The C-store is a nickname given to the North West Company brand of convenience stores, which include a gas station and a Tim Hortons.
“There was a lot of disappointment, confusion and questions. Why would you put a competition right next door to your own people?” said Anderson.
The convenience store did prove to be stiff competition for one local gas bar.
“As soon as the C-store came in, I probably lost more than half of the business,” said John Anderson, owner of the now-closed Anderson’s Fuel and Confectionary.
“I’m just a one-show band here, and it’s pretty hard to compete against a multimillion-dollar business.”
John Anderson, who is Chief Larson Anderson’s brother, was a councillor when Norway House Cree Nation agreed to bring in the North West Company’s convenience store. He says he was one of four councillors who were against allowing the store to open in the community.
“Then all of a sudden, everybody started getting mad and pretty soon the [councillors] changed their mind, and they voted again,” said John Anderson.
He says the agreement with the North West Company was signed behind closed doors, and its details were not clear to the rest of the council.
“It was all done behind closed doors, and I don’t think any of the councillors knew about it because it was done through the chief,” said John Anderson.
Anderson’s Fuel and Confectionary had an electrical fire in 2021. Because of the loss of business to his North West Company competitor, John Anderson decided to permanently shutter the store.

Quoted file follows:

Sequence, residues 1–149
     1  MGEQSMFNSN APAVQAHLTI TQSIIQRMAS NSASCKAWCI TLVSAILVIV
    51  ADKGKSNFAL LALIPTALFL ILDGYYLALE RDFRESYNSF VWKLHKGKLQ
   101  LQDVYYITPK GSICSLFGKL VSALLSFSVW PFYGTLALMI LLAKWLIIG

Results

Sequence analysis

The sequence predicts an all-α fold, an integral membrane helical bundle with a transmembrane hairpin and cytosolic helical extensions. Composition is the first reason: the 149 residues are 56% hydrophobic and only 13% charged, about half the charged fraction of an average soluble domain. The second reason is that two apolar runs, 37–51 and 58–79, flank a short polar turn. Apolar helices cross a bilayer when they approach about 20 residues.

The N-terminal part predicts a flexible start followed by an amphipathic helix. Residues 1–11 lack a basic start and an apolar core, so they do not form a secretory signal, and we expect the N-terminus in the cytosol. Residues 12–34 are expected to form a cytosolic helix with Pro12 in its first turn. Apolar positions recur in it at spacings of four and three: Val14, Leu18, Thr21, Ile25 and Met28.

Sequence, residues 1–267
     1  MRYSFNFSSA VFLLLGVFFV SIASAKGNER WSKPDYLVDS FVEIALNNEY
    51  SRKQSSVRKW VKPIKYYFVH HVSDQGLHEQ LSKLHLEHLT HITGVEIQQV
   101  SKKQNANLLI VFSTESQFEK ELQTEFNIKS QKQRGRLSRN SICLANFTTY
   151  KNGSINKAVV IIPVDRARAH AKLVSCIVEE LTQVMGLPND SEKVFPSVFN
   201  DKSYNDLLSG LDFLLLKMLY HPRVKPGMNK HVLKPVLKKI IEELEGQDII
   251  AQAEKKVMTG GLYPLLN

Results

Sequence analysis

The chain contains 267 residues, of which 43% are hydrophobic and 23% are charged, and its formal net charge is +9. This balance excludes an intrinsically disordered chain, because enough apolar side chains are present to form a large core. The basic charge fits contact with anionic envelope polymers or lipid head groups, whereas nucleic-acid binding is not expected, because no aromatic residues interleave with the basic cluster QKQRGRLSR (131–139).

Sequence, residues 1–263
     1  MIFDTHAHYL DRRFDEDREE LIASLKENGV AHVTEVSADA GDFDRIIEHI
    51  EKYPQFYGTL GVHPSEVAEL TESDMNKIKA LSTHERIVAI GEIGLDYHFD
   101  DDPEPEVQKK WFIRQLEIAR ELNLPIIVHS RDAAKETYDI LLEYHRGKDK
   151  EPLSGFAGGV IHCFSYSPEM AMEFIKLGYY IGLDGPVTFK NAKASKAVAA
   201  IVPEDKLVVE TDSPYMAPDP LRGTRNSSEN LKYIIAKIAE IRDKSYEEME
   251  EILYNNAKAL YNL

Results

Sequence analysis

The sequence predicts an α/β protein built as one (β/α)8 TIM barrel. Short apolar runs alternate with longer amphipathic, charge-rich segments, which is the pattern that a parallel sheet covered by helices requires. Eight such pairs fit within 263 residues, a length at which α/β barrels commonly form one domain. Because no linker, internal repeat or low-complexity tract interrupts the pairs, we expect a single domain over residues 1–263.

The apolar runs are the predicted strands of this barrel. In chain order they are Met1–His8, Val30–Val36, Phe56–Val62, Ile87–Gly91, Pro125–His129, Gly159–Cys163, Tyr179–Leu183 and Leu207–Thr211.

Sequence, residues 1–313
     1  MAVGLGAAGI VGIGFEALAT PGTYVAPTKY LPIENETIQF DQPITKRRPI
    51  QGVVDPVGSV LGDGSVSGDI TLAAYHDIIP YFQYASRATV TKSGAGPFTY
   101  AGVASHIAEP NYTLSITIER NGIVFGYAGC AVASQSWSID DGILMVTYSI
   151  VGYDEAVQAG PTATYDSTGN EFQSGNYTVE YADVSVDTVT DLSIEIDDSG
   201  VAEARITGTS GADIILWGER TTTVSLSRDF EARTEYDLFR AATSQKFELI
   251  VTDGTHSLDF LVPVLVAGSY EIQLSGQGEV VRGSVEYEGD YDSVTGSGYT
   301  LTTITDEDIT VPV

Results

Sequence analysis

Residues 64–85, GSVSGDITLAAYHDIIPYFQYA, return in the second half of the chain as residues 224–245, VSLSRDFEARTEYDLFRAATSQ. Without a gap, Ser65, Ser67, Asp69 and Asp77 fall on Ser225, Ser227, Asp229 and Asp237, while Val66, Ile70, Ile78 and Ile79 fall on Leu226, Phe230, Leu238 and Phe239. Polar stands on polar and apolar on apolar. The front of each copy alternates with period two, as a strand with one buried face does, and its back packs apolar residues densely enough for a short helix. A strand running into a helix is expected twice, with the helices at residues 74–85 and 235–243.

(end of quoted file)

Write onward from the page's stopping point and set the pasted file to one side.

In a statement, the North West Company confirms the current agreement with Norway House Cree Nation was signed in 2013, but says a 20-year lease is a “common term length for these agreements.”
“The Band and community raised several priorities included in the agreement, including upgrades to the existing Northern store, adding fuel options, bringing Tim Hortons to the community and increasing local hires,” the company spokesperson wrote.
Opening a local grocer
Now without any local competition in Norway House Cree Nation, the band plans to open a strip mall, which will include a grocery store, convenience store, food court and a recreational centre, says Chief Anderson.
“Our store plan is not just to sell groceries — our store plan is to sell every product, and I would probably equate it more to a Walmart,” the chief said.
Larson Anderson says that one need of his community is more housing, and says the profits from the new grocery store will go to building more houses.
“We want to generate our own money, and so that’s the real goal here — it’s not to go after North West Company by any means,” said the chief.
“The idea is to generate revenues, to build more homes, to create more jobs, to create more programming for recreation and such.”
John Anderson says he too wants to see a more thriving local economy in Norway House.
“I’d like to see local businesses, more local businesses opening up,” he said.
“It’s better to be … people supporting local business than somebody that takes a few million dollars out of here every year.”